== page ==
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Claudell Earl Martin v. Loadholt

March 18, 2013

CLAUDELL EARL MARTIN,
PLAINTIFF,
v.
LOADHOLT,
DEFENDANT.



The opinion of the court was delivered by: Michael J. Seng United States Magistrate Judge

FINDINGS AND RECOMMENDATIONS (1) DENYING DEFENDANT'S MOTION TO DISMISS ACTION FOR FAILURE TO EXHAUST ADMINISTRATIVE REMEDIES (2) DENYING PLAINTIFF'S MOTION NOT TO EXTEND TIME FOR DEFENDANT'S RESPONSIVE PLEADING (ECF Nos. 38, 43) OBJECTIONS DUE WITHIN FOURTEEN (14) DAYS

I. PROCEDURAL HISTORY

On February 1, 2010, Plaintiff Claudell Earl Martin, a state prisoner proceeding pro se and in forma pauperis, filed this civil rights action pursuant to 42 U.S.C. § 1983. (ECF No. 1.) The action proceeds against Defendant Loadholt for retaliation as alleged in the First Amended Complaint. (ECF No. 33.)

On January 18, 2013, Defendant filed a Motion to Dismiss the First Amendment claim pursuant to Fed. R. Civ. P. 12(b) on grounds Plaintiff failed to exhaust his administrative remedies. (ECF No. 38.) Therein Defendant notified Plaintiff of his rights, obligations and methods for opposing the Motion to Dismiss pursuant to Woods v. Carey, 684 F.3d 934 (9th Cir. 2012) and Wyatt v. Terhune, 315 F.3d 1108 (9th Cir. 2003). Plaintiff filed Opposition to the Motion to Dismiss on February 13, 2013. (ECF No. 42.) Defendant filed a Reply to the Opposition on February 19, 2013. (ECF No. 44.)

On February 13, 2013, Plaintiff also filed a Motion to Not Extend Time for Defendant's Rule 12(b) responsive pleading. (ECF No. 43.) Defendant has not filed any opposition to this Motion and the time for doing so has passed.

These Motions are now before the Court.

II. SUMMARY OF FIRST AMENDED COMPLAINT

Plaintiff alleges as follows in his First Amended Complaint: While an inmate at Corcoran State Prison ("CSP"), Planitiff required prescription cholesterol medication. On May 6, 2008, Plaintiff filed a prison grievance against Defendant, a CSP medical staff employee,*fn1 complaining Defendant was unprofessional and disrespectful in responding to Plaintiff's concern that his cholesterol medication had been changed without his knowledge. Defendant became irritated when she noticed the grievance in Plaintiff's medical file. Defendant retaliated for the grievance by requiring that Plaintiff pick-up his daily cholesterol medication at the pill-window*fn2 instead of keeping it on his person as he had been allowed to do before the grievance. Plaintiff grieved the retaliatory pill-window restriction. His appeal was granted in October 2008 and he was then allowed to keep his cholesterol medication on his person again.

Plaintiff seeks monetary damages and declaratory relief.

III. LEGAL STANDARDS

A. Failure to Exhaust

The Prison Litigation Reform Act ("PLRA") stipulates, "No action shall be brought with respect to prison conditions under [42 U.S.C. § 1983], or any other Federal law, by a prisoner confined in any jail, prison, or other correctional facility until such administrative remedies as are available are exhausted." 42 U.S.C. § 1997e(a). Therefore, prisoners are required to exhaust all available administrative remedies prior to filing suit. Jones v. Bock, 549 U.S. 199, 211 (2007). The Supreme Court held that "the PLRA's exhaustion requirement applies to all inmate suits about prison life, whether they involve general circumstances or particular episodes, and whether they allege excessive force or some other wrong." Porter v. Nussle, 534 U.S. 516, 532 (2002). Further, the exhaustion of remedies is required, regardless of the relief sought by the prisoner, as long as the administrative process can provide some sort of relief on the prisoner's complaint. Booth v. Churner, 532 U.S. 731, 741 (2001). "[P]roper exhaustion of administrative remedies is necessary," and "demands compliance with an agency's deadlines and other critical procedural rules . . . ." Woodford v. Ngo, 548 U.S. 81, 90-91 (2006).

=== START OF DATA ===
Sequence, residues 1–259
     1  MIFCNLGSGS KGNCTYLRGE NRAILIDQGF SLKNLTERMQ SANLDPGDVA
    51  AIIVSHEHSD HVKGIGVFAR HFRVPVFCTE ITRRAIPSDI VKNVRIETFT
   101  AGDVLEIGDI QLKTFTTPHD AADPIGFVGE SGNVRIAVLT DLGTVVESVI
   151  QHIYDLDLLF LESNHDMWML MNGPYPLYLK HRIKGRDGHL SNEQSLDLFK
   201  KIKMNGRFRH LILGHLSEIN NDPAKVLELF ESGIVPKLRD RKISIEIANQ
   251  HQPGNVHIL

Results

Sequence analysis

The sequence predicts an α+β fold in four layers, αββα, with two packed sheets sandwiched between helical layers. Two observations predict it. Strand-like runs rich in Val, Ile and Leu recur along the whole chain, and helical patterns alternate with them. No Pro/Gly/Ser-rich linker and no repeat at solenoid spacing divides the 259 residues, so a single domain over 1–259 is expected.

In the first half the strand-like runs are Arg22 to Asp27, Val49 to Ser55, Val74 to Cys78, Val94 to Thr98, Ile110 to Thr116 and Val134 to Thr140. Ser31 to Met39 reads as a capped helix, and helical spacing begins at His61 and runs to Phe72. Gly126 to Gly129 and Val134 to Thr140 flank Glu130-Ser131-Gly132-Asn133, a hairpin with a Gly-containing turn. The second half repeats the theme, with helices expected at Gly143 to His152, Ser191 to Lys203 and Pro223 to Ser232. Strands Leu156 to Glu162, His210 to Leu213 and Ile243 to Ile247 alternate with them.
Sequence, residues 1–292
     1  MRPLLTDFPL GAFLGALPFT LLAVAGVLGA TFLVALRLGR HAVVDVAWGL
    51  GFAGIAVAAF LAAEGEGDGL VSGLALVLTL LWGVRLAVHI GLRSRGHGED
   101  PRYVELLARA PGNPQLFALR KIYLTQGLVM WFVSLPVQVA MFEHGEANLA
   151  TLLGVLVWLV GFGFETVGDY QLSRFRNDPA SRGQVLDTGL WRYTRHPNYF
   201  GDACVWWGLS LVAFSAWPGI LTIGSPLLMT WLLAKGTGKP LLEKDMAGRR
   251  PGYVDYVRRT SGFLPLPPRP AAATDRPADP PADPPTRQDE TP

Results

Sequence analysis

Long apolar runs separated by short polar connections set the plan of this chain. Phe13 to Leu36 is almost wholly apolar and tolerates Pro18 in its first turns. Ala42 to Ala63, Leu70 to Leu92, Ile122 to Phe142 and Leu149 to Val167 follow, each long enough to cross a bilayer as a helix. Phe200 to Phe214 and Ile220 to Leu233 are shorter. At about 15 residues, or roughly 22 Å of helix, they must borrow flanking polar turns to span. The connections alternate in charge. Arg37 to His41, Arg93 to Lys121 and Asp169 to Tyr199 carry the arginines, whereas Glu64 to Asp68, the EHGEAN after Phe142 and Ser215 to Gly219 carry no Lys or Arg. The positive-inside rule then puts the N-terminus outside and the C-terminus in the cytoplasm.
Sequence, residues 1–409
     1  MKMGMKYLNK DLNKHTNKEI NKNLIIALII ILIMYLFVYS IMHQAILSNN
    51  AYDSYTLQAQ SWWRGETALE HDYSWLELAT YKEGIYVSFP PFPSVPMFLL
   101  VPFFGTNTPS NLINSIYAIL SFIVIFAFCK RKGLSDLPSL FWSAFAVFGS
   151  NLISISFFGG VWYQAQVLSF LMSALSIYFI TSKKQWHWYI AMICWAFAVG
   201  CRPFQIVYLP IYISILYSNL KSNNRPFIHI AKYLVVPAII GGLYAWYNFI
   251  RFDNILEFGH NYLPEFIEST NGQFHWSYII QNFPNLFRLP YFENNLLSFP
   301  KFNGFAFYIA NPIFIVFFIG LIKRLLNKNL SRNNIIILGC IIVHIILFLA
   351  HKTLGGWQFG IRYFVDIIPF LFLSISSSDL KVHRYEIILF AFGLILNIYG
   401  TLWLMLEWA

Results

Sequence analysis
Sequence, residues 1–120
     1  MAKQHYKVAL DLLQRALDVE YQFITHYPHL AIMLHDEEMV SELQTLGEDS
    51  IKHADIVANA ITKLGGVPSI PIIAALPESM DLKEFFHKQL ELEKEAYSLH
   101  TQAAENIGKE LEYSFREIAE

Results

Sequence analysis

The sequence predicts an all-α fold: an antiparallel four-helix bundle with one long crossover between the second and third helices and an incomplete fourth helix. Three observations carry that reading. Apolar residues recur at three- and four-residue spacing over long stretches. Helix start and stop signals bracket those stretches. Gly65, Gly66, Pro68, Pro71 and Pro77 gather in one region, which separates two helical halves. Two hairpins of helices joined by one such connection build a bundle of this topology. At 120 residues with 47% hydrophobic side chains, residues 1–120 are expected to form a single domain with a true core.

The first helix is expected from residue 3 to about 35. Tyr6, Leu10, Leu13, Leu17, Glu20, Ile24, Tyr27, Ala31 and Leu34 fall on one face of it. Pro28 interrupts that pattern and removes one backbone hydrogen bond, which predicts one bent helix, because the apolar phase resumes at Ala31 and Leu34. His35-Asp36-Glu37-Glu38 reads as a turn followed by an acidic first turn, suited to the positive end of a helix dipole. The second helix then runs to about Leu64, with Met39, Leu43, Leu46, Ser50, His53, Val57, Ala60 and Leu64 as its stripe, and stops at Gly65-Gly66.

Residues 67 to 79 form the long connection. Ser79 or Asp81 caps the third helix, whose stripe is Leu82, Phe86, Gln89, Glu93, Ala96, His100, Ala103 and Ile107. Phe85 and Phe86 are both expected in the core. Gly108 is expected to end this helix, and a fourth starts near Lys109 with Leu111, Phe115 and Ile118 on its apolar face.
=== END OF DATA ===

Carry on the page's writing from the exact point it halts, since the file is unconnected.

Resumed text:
The California Department of Corrections and Rehabilitation ("CDCR") has an administrative grievance system for prisoner complaints; the process is initiated by submitting a CDCR Form 602. Cal. Code Regs. tit. 15, §§ 3084.1, 3084.2(a). During the time relevant to this case, four levels of appeal existed: an informal level, a first formal level, a second formal level, and a third formal level, also known as the "Director's Level"; each successive appeal had to be submitted within fifteen working days of the event being appealed. Id. at §§ 3084.5, 3084.6(c).

Section 1997e(a) does not impose a pleading requirement, but rather, is an affirmative defense under which Defendant has the burden of raising and proving the absence of exhaustion. Jones, 549 U.S. at 215; Wyatt, 315 F.3d at 1119. The failure to exhaust non-judicial administrative remedies that are not jurisdictional is subject to an unenumerated Rule 12(b) motion, rather than a summary judgment motion. Wyatt, 315 F.3d at 1119, citing Ritza v. Int'l Longshoremen's & Warehousemen's Union, 837 F.2d 365, 368 (9th Cir. 1998). In deciding a motion to dismiss for failure to exhaust administrative remedies, the Court may look beyond the pleadings and decide disputed issues of fact. Wyatt, 315 F.3d at 1119--20. If the Court concludes that the prisoner has failed to exhaust administrative remedies, the proper remedy is dismissal without prejudice. Id.

B. Effect of Motion to Dismiss on Responsive Pleading

"Unless the court sets a different time, serving a motion under [Rule 12 of the Federal Rules of Civil Procedure] alters these periods as follows: (A) if the court denies the motion or postpones its disposition until trial, the responsive pleading must be served within ...


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